Nashville woman creates Tennessee Resettlement Aid to help Afghan families
NASHVILLE, Tenn. (WSMV) - Katie Finn never planned to go from helping save the planet to helping protect people.
The 27-year-old sustainability major was getting her master’s degree in Europe when the Bosnian refugee crisis opened her eyes and her heart.
She became a passionate volunteer, hearing refugees’ stories, and meeting needs like blankets for children walking hundreds of miles and sleeping in the cold.
When the pandemic brought her to Nashville, where it was announced 425 refugees would be arriving from Afghanistan, Katie Finn mobilized her own troops and created the Tennessee Resettlement Aid.
Every Monday night at the Branch Food Bank in Nashville, Finn conducts what looks and sounds like a symphony of service.
She and her band of volunteers collect food, pack car trunks, and deliver in person hundreds of emergency food boxes to the newly settled Afghan families assigned to Nashville. These families were under threat of death by the Taliban for working for the U.S.
“It’s a huge struggle because the government only helps them for so long, and then they are on their own,” Finn said. “So, they have to be self-sufficient in a matter of months. We realized going into their homes. There is a real food insecurity problem in Nashville. And that’s just not acceptable for people who’ve sacrificed so much for us, and for our country, and for our troops.”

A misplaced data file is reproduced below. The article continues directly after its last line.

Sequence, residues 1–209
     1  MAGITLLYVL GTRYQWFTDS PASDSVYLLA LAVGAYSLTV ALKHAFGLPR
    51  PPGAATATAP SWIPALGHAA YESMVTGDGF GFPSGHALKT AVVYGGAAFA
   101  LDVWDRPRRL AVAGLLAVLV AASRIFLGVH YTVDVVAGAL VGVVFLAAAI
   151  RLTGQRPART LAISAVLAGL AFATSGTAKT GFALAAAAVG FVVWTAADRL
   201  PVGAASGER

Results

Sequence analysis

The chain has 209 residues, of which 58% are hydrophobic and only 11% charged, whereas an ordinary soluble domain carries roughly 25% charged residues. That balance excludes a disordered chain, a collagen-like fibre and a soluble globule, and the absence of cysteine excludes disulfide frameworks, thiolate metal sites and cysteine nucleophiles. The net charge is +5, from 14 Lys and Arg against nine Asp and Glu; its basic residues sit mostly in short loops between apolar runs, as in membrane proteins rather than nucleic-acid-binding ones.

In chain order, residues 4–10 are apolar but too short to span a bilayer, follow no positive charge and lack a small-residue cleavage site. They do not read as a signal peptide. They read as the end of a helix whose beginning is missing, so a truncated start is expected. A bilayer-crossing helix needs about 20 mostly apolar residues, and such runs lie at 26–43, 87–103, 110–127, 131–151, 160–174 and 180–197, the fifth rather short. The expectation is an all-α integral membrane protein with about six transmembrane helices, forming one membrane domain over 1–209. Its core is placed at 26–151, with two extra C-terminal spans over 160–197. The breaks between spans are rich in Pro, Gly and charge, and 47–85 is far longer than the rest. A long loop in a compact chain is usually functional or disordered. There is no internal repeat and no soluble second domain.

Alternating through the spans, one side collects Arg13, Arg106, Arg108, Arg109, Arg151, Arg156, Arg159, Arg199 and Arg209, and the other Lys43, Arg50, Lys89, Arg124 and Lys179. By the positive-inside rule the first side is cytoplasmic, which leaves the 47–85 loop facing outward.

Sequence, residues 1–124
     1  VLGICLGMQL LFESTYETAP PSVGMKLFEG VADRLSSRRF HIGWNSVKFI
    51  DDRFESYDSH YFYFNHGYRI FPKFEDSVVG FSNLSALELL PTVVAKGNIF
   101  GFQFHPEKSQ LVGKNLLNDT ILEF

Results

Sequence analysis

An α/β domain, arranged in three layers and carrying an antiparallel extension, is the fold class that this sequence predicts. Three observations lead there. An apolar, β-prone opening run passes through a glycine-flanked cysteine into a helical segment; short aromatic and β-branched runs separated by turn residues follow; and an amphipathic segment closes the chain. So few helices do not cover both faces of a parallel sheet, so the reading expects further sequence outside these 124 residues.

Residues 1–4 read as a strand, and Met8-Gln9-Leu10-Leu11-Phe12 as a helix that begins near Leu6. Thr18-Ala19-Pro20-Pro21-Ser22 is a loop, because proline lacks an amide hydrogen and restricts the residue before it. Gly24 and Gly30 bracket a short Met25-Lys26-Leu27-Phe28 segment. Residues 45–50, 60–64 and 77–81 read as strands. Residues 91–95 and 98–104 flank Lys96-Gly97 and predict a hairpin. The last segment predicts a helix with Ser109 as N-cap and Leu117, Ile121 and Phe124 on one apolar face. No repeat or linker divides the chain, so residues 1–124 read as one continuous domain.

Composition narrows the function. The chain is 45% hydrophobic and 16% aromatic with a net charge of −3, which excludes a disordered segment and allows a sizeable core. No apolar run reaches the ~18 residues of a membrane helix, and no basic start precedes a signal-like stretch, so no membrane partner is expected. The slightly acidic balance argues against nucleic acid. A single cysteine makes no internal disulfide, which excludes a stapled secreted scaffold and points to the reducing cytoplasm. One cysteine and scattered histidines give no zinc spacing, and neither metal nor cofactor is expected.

Finn said her non-profit is helping fill the gaps.
“Refugees are in crisis mode for at least two years,” Finn added. “Everything is a struggle for them, especially if they don’t know English. So being able to help them pay their rent, or light bill, or school supplies, or buy a new pair of shoes or diapers. I’ve got to be able to do it because nobody else is doing it.”
Finn said being a volunteer takes zero tolerance for suffering.
“When you meet someone face to face, you can’t ignore the humanity that lives within them,” she added. “You will do whatever it takes to make somebody goes to bed better than they woke up. I’ve been so blessed with strong, like-minded people who just can’t sleep at night if people don’t eat. And it’s that fire that you wake up every day and do it again. Because it is a battle.”
Tennessee Resettlement Aid helps provide cell phones, English classes, washers, and dryers and collect rugs for Afghan families. In addition, Finn said they always need jackets, coats, sweatshirts, and new shoes.
With hundreds more refugees expected to arrive, many of whom are former professionals, Finn’s next goal is to find jobs for these new neighbors. If you can help, go to their website here.
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